Jim Beam plans to ramp up bourbon production at its largest Kentucky distillery to meet growing global demand in a more than $400 million expansion to be powered by renewable energy.
The project will increase capacity by 50% at the Beam plant in Boston, Kentucky while reducing greenhouse gas emissions by the same percentage, Beam Suntory said Wednesday.
The company behind the top-selling bourbon said it has reached production capacity at the Boston plant, about 35 miles south of Louisville. The expansion will be used to produce two mainstays — Jim Beam white and black label bourbons — and will mostly support expected sales growth overseas, especially in European and Asian markets, said Carlo Coppola, managing director of the Beam brands.
Jim Beam has registered mid-single-digit growth globally in the past two years, the company said.
Mixing renewable energy into crafting whiskey, Beam will use a process that produces renewable natural gas to power the plant, the company said.
Beam Suntory said it has entered into an agreement with 3 Rivers Energy Partners to build a facility across the street to convert waste from making bourbon into biogas, which will be treated to renewable natural gas standards and piped directly back to the distillery.
Once the project is completed, expected to be in 2024, the distillery will be 65% powered by renewable natural gas and 35% by fossil-based natural gas, the company said.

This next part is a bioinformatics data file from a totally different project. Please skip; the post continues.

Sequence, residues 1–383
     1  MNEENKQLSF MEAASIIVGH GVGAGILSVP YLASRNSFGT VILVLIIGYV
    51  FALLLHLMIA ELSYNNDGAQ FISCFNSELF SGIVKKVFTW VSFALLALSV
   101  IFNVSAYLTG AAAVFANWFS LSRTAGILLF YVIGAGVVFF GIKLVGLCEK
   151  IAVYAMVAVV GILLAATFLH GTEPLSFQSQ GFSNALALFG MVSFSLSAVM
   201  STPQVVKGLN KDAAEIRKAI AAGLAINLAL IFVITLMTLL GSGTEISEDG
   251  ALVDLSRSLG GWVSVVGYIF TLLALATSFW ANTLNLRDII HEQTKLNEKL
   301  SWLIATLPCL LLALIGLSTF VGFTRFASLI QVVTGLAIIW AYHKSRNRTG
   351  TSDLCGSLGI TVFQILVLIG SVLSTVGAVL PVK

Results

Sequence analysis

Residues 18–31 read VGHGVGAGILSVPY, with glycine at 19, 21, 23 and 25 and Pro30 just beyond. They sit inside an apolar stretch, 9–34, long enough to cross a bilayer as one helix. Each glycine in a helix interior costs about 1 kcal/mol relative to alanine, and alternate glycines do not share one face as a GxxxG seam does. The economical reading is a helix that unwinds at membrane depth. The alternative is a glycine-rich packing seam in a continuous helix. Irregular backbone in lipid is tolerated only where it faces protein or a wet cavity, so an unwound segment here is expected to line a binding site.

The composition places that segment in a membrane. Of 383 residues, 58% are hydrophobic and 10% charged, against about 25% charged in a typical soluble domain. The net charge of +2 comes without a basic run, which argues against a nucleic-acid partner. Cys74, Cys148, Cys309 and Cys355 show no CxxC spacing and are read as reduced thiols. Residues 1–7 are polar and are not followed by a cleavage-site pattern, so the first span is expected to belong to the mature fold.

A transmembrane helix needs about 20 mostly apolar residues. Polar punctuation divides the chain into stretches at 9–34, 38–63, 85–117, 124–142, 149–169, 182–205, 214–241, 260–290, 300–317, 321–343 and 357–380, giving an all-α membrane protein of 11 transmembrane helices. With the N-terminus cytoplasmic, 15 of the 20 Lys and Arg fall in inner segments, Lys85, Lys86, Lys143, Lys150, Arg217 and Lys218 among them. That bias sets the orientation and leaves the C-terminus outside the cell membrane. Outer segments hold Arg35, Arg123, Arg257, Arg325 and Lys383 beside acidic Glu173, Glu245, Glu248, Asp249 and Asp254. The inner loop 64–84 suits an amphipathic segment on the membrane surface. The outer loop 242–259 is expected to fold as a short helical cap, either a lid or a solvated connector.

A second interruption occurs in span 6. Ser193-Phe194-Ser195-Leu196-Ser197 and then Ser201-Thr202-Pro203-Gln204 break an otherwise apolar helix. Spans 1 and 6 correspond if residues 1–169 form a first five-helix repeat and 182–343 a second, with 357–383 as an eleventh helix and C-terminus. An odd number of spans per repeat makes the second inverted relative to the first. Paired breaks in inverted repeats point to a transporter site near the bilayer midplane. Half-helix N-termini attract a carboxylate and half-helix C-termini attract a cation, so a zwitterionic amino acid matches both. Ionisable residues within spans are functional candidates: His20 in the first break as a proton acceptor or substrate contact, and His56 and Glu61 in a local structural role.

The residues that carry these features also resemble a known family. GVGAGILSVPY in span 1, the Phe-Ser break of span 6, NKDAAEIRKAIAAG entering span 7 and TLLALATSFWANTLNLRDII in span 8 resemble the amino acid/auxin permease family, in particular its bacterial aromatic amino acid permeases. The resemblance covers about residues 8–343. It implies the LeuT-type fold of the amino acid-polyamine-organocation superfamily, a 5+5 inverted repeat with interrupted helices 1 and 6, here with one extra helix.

“This expansion will help ensure we meet future demand for our iconic bourbon in a sustainable way that supports the environment and the local community that has helped build and support Jim Beam,” said Beam Suntory President and CEO Albert Baladi.
Beam Suntory, whose products include Kentucky-crafted Maker’s Mark, said last year it wants to cut its companywide greenhouse gas emissions and water usage in half by 2030. The company’s more ambitious goal is to remove more carbon than is emitted from its operations and among its supplier base by 2040. The spirits giant also is committed to planting 500,000 trees annually by 2030, with a goal of planting more trees than are use to make barrels to hold its aging whiskeys.
The new project will create 51 more jobs and includes additional storage warehouses. Bourbon ages in new, charred oak barrels, where it acquires its color and flavor, while stored in warehouses. Most bourbons typically age four to eight years before reaching consumers. Beam’s continued growth “reflects the strength of our state’s signature bourbon industry,” Kentucky Gov. Andy Beshear said.
Beam also is “fully leveraging” its capacity at its distillery in Clermont, Kentucky, where it produces Jim Beam, Basil Hayden, Knob Creek and Legent brands. The two Beam distilleries are about 14 miles apart in central Kentucky. At another distillery that opened last year at Clermont, the company produces such small-batch brands as Booker’s, Baker’s and Little Book.
The company broadly outlined its Boston plant expansion earlier in the summer, but the announcement Wednesday provided details about production and the use of renewable energy.
Beam Suntory, a subsidiary of Suntory Holdings Limited of Japan, isn’t the first maker of bourbon to go green. Last year, spirits giant Diageo opened a carbon-neutral distillery of Bulleit bourbon powered by renewable energy in Lebanon, Kentucky.
Beam’s expansion at its Boston distillery comes amid continued rapid growth in the state’s $9 billion distilling industry. Kentucky distillers are in the midst of a more than $5 billion capital investment campaign that includes expanding production facilities and warehousing to meet the global thirst for Kentucky bourbon, according to the Kentucky Distillers’ Association. Kentucky is home to 95% of the world’s bourbon production, the association said.